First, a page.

Male
                            Occupation:
                            Mad Scientist
                            Location:
                            Paignton Devon
                            Ratings:
                            +12,651
                            Possibly on his fruit trees and bushes as wood ash contains potash which is good for fruiting, or he might be using it as a general soil conditioner particularly if on clay.
                            Let us know if you find out.
                             
                            • Informative Informative x 3
                            • NigelJ

                              NigelJ Total Gardener

                              Joined:
                              Jan 31, 2012
                              Messages:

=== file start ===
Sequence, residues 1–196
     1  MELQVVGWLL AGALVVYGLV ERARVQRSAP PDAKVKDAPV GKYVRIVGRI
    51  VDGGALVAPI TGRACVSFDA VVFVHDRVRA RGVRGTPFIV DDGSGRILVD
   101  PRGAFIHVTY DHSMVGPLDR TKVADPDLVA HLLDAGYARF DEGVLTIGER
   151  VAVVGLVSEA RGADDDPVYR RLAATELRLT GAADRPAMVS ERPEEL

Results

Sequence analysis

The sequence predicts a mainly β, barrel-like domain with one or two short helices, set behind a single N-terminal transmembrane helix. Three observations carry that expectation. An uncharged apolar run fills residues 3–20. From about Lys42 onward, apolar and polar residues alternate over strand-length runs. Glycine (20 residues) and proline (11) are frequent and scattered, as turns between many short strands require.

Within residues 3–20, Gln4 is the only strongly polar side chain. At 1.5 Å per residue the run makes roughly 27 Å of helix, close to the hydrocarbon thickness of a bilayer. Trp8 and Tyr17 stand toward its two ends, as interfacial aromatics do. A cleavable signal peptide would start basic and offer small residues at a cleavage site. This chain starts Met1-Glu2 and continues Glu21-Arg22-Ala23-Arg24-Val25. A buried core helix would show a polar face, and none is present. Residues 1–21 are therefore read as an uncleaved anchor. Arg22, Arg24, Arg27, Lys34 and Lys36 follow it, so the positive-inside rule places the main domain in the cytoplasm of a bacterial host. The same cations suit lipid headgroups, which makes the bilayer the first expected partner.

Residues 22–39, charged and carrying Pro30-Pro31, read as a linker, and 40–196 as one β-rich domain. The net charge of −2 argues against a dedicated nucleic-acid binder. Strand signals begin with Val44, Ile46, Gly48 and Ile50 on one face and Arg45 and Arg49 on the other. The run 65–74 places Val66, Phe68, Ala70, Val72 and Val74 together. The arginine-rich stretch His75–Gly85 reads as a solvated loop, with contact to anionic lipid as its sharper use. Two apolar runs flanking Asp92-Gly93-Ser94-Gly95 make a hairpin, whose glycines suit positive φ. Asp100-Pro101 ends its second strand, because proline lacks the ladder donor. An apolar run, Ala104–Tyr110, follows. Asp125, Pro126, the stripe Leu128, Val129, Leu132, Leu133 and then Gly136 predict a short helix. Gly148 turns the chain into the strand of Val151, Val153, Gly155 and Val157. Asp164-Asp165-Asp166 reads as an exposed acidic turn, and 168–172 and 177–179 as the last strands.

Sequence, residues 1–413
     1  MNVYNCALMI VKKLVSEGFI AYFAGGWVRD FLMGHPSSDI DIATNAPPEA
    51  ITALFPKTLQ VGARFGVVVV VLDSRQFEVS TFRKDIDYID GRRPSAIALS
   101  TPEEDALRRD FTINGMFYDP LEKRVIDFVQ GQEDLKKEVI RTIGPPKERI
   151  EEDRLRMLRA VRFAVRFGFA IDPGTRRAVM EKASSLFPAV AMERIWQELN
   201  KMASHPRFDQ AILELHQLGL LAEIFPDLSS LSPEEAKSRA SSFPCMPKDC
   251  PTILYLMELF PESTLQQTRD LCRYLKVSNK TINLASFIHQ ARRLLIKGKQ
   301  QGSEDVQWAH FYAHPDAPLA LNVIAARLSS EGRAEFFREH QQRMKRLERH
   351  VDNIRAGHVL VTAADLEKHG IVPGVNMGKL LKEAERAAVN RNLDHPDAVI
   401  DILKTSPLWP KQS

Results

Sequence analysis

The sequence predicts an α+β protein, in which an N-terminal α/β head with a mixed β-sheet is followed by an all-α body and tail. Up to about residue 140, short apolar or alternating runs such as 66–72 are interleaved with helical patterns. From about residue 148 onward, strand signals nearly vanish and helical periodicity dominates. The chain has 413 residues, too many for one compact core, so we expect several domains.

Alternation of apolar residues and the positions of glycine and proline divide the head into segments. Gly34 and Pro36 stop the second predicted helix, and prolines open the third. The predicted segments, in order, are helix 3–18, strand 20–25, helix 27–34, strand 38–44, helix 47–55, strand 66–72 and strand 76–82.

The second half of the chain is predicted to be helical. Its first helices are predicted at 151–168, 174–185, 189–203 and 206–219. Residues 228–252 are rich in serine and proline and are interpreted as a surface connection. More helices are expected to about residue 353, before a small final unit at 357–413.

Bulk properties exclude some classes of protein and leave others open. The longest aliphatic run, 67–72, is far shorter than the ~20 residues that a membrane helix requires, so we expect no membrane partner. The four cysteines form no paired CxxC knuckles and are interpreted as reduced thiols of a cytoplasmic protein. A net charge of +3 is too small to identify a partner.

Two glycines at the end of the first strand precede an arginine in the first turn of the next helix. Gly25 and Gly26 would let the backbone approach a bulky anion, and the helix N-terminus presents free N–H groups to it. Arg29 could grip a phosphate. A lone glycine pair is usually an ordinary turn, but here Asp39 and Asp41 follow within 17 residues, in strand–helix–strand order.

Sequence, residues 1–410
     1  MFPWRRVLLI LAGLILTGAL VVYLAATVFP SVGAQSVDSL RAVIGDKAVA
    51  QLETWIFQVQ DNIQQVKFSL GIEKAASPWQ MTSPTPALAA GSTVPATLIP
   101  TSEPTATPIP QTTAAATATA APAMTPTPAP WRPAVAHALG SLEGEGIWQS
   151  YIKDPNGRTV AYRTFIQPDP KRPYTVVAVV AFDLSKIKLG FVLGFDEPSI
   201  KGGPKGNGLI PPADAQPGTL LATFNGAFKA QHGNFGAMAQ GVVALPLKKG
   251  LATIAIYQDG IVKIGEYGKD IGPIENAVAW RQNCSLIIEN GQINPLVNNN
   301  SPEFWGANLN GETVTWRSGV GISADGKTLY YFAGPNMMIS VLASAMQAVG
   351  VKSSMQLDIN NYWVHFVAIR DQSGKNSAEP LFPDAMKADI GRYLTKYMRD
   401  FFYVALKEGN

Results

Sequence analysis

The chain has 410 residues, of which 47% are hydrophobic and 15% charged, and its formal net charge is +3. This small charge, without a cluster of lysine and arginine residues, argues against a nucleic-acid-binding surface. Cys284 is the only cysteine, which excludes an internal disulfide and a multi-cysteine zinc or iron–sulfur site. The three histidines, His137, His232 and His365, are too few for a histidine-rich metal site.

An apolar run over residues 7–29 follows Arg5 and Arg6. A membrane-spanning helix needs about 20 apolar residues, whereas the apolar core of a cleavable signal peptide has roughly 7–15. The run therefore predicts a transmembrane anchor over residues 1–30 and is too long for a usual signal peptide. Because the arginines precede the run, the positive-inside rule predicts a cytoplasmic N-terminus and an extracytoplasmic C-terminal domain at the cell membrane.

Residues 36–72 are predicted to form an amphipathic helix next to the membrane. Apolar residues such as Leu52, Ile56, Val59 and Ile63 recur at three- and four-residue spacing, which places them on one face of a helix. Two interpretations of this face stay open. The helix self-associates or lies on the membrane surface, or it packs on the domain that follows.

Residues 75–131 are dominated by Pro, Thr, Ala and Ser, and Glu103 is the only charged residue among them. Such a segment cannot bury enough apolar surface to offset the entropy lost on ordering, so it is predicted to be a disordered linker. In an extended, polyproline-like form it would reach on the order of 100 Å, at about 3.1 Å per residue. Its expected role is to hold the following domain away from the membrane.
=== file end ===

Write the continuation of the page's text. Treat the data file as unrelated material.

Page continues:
3,619
                              Gender:
                              Male
                              Occupation:
                              Mad Scientist
                              Location:
                              Paignton Devon
                              Ratings:
                              +12,651
                              Never been a great fan of mange tout, not really one thing or the other, give me proper garden peas anyday. Also part of the fun is in the shelling of the peas. Although you then have to dispose of the pods; I did try peapod wine one year now 4 years later I taste it every 6 months and put it back in the garage as it still tastys very pea poddy.
                               
                              • Funny Funny x 3
                              • Like Like x 1
                              Loading...

                              Share This Page

                              1. This site uses cookies to help personalise content, tailor your experience and to keep you logged in if you register.
                                By continuing to use this site, you are consenting to our use of cookies.
                                Dismiss Notice